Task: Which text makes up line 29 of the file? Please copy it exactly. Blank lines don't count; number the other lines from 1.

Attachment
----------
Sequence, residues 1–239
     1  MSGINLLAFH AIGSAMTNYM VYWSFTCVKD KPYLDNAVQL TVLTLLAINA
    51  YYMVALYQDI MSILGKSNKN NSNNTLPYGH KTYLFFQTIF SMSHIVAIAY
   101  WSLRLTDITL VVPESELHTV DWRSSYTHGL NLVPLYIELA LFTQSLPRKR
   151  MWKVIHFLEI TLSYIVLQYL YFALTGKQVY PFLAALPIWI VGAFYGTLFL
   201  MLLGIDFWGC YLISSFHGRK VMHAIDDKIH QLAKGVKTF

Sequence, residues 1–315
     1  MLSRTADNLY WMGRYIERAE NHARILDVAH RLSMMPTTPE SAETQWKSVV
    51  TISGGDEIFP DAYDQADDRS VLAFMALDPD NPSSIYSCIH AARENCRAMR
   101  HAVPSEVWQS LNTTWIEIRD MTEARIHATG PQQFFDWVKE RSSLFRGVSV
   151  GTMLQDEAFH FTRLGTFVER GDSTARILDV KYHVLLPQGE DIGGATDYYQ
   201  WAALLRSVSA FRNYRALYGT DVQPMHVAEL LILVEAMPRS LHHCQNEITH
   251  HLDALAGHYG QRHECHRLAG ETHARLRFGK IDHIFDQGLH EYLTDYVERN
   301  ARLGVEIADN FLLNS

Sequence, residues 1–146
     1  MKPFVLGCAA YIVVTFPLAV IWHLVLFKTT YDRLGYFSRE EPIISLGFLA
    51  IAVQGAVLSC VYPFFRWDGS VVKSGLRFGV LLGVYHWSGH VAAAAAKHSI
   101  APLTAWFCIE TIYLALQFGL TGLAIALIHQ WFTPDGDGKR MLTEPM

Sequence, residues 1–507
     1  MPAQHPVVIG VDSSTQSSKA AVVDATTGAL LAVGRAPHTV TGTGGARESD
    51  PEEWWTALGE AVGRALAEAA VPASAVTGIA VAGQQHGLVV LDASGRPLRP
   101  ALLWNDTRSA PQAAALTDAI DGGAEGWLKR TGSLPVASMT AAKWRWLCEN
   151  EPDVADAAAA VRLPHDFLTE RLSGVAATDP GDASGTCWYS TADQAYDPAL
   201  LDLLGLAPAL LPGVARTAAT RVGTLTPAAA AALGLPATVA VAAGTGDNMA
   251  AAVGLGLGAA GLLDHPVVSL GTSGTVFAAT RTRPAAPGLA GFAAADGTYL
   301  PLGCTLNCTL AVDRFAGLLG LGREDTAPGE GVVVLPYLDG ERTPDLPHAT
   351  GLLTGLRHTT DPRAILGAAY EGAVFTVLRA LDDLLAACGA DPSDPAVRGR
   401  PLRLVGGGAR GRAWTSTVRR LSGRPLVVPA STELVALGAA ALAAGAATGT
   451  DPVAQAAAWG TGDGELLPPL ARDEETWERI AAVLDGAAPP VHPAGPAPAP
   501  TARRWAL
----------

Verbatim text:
   451  DPVAQAAAWG TGDGELLPPL ARDEETWERI AAVLDGAAPP VHPAGPAPAP